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April 9, 2014

Jonathan Tobin: Why Did Kerry Lie About Israeli Blame?

Samuel G. Freedman: A resolution 70 years later for a father's unsettling legacy of ashes from Dachau

Jessica Ivins: A resolution 70 years later for a father's unsettling legacy of ashes from Dachau

Kim Giles: Asking for help is not weakness

Kathy Kristof and Barbara Hoch Marcus: 7 Great Growth Israeli Stocks

Matthew Mientka: How Beans, Peas, And Chickpeas Cleanse Bad Cholesterol and Lowers Risk of Heart Disease

Sabrina Bachai: 5 At-Home Treatments For Headaches

The Kosher Gourmet by Daniel Neman Have yourself a matzo ball: The secrets bubby never told you and recipes she could have never imagined

April 8, 2014

Lori Nawyn: At Your Wit's End and Back: Finding Peace

Susan B. Garland and Rachel L. Sheedy: Strategies Married Couples Can Use to Boost Benefits

David Muhlbaum: Smart Tax Deductions Non-Itemizers Can Claim

Jill Weisenberger, M.S., R.D.N., C.D.E : Before You Lose Your Mental Edge

Dana Dovey: Coffee Drinkers Rejoice! Your Cup Of Joe Can Prevent Death From Liver Disease

Chris Weller: Electric 'Thinking Cap' Puts Your Brain Power Into High Gear

The Kosher Gourmet by Marlene Parrish A gift of hazelnuts keeps giving --- for a variety of nutty recipes: Entree, side, soup, dessert

April 4, 2014

Rabbi David Gutterman: The Word for Nothing Means Everything

Charles Krauthammer: Kerry's folly, Chapter 3

Amy Peterson: A life of love: How to build lasting relationships with your children

John Ericson: Older Women: Save Your Heart, Prevent Stroke Don't Drink Diet

John Ericson: Why 50 million Americans will still have spring allergies after taking meds

Cameron Huddleston: Best and Worst Buys of April 2014

Stacy Rapacon: Great Mutual Funds for Young Investors

Sarah Boesveld: Teacher keeps promise to mail thousands of former students letters written by their past selves

The Kosher Gourmet by Sharon Thompson Anyone can make a salad, you say. But can they make a great salad? (SECRETS, TESTED TECHNIQUES + 4 RECIPES, INCLUDING DRESSINGS)

April 2, 2014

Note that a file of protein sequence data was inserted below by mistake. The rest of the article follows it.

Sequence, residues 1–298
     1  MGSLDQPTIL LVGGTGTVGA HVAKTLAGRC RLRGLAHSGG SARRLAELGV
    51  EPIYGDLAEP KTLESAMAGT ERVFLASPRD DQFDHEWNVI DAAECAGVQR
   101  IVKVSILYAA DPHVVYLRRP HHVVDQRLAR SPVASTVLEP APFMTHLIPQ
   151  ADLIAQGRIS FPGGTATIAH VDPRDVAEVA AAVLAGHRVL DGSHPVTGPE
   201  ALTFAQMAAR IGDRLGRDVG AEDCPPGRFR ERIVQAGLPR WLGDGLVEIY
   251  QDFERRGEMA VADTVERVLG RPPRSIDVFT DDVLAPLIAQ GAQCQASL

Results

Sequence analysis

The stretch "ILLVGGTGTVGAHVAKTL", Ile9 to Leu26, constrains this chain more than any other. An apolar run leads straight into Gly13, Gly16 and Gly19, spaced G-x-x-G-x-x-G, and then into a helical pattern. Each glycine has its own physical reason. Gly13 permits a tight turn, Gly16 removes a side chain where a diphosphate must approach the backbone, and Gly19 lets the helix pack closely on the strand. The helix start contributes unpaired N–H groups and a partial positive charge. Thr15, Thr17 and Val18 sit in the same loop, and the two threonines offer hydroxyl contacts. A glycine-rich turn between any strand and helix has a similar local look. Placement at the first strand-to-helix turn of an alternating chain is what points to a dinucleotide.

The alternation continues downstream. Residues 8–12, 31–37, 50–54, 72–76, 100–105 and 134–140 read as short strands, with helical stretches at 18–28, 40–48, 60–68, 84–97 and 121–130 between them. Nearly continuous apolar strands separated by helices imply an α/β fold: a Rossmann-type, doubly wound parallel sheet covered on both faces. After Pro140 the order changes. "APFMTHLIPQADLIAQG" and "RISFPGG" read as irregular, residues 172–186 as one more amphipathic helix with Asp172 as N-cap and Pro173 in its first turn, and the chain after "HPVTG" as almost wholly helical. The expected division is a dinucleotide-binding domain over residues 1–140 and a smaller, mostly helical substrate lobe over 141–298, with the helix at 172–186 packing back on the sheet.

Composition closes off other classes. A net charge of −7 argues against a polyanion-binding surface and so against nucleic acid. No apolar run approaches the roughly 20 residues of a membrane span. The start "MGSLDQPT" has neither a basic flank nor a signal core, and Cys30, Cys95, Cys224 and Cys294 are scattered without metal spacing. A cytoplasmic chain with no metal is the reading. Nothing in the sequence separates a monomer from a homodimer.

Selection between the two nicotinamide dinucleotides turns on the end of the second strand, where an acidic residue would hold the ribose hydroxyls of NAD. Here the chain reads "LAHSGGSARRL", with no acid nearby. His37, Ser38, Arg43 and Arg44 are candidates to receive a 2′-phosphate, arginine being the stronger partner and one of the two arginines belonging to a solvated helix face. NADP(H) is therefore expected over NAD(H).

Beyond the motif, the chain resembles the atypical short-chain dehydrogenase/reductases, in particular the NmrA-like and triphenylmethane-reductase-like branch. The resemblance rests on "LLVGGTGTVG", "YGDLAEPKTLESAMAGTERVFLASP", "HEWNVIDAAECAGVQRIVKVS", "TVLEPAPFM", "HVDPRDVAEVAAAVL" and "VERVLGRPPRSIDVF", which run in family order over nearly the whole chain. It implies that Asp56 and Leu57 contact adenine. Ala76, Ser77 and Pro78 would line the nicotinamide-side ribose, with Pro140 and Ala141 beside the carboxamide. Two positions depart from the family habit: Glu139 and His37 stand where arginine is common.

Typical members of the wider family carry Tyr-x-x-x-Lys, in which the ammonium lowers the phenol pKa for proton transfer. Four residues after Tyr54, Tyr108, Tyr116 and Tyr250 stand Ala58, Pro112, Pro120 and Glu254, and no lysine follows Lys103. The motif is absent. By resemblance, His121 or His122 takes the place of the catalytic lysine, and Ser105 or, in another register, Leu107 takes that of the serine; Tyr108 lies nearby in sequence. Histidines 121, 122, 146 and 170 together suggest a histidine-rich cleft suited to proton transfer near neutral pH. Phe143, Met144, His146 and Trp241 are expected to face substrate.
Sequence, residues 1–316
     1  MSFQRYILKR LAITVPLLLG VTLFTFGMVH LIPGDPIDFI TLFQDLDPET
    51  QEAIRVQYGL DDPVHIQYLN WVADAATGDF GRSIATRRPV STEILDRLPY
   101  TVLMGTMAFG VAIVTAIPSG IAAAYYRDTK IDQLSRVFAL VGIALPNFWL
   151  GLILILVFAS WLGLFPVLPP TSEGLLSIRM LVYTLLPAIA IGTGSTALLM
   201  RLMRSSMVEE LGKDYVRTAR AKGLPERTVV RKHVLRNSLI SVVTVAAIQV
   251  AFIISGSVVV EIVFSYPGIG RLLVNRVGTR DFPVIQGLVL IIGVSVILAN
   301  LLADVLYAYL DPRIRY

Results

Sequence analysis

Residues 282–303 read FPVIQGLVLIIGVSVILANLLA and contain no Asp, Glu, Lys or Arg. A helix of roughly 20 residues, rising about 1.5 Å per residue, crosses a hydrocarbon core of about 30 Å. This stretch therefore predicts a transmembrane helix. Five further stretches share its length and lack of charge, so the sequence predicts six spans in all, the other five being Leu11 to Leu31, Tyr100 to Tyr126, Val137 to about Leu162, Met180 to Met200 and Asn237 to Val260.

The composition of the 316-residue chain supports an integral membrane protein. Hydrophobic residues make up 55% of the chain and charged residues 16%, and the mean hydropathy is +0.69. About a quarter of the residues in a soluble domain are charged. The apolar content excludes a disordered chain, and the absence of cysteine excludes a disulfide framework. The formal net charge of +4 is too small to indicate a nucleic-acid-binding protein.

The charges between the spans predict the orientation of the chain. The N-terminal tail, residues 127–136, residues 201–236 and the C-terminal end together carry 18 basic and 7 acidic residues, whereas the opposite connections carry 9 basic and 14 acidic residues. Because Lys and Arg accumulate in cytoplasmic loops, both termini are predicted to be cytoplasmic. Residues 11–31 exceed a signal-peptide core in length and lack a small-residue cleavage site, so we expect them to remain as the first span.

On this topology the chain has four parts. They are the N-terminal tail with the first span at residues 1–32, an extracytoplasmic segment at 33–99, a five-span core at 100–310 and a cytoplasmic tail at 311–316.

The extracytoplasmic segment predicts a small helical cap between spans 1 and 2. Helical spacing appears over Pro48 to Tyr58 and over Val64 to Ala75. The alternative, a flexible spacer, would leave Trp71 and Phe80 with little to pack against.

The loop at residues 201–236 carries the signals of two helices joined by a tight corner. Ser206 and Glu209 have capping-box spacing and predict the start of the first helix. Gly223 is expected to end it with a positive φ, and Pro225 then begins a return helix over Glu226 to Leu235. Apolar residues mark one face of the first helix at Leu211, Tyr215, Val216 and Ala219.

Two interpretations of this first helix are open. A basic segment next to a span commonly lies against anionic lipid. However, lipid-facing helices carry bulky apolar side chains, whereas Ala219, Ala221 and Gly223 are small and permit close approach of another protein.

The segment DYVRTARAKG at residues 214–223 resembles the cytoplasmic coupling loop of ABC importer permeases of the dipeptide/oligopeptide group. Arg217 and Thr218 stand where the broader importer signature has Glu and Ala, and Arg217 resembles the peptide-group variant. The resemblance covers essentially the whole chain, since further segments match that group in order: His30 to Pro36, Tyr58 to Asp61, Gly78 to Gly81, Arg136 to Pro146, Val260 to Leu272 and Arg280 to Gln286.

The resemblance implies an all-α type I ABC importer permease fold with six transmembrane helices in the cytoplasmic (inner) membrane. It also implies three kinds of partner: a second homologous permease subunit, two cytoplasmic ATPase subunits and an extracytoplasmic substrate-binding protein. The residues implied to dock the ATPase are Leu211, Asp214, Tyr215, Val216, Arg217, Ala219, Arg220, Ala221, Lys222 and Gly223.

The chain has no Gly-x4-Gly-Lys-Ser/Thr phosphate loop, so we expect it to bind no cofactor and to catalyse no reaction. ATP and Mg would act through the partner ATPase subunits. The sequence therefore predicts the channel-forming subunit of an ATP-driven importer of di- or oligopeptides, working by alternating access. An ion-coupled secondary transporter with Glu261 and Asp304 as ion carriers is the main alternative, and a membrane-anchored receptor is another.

Paul Greenberg: Death and joy in the spring

Dan Barry: Should South Carolina Jews be forced to maintain this chimney built by Germans serving the Nazis?

Mayra Bitsko: Save me! An alien took over my child's personality

Frank Clayton: Get happy: 20 scientifically proven happiness activities

Susan Scutti: It's Genetic! Obesity and the 'Carb Breakdown' Gene

Lecia Bushak: Why Hand Sanitizer May Actually Harm Your Health

Stacy Rapacon: Great Funds You Can Own for $500 or Less

Cameron Huddleston: 7 Ways to Save on Home Decor

The Kosher Gourmet by Steve Petusevsky Exploring ingredients as edible-stuffed containers (TWO RECIPES + TIPS & TECHINQUES)

Jewish World Review Jan. 28, 2011 23 Shevat, 5771

A New Flavor of Tea

By Suzanne Fields




http://www.JewishWorldReview.com | Rep. Michele Bachmann, founder of the tea party caucus in the new Congress, gave more than a response to President Obama's State of the Union speech Tuesday night. We got a look at the new political woman in Washington.

Some of the old Republican bulls looked like they were suffering a bad bout of indigestion. She's treading on old toes. She acquitted herself with poise and power, and that's what's scary to the party establishment.

When Sarah Palin and Michele Bachmann got together during the midterm election campaigns, they were dismissed by certain politicians and pundits as "Thelma and Louise," as real-life stand-ins for the two innocent housewives whose bucolic romp across America became a killing spree. But there's more than just Bachmann in the new wave of tough women in town.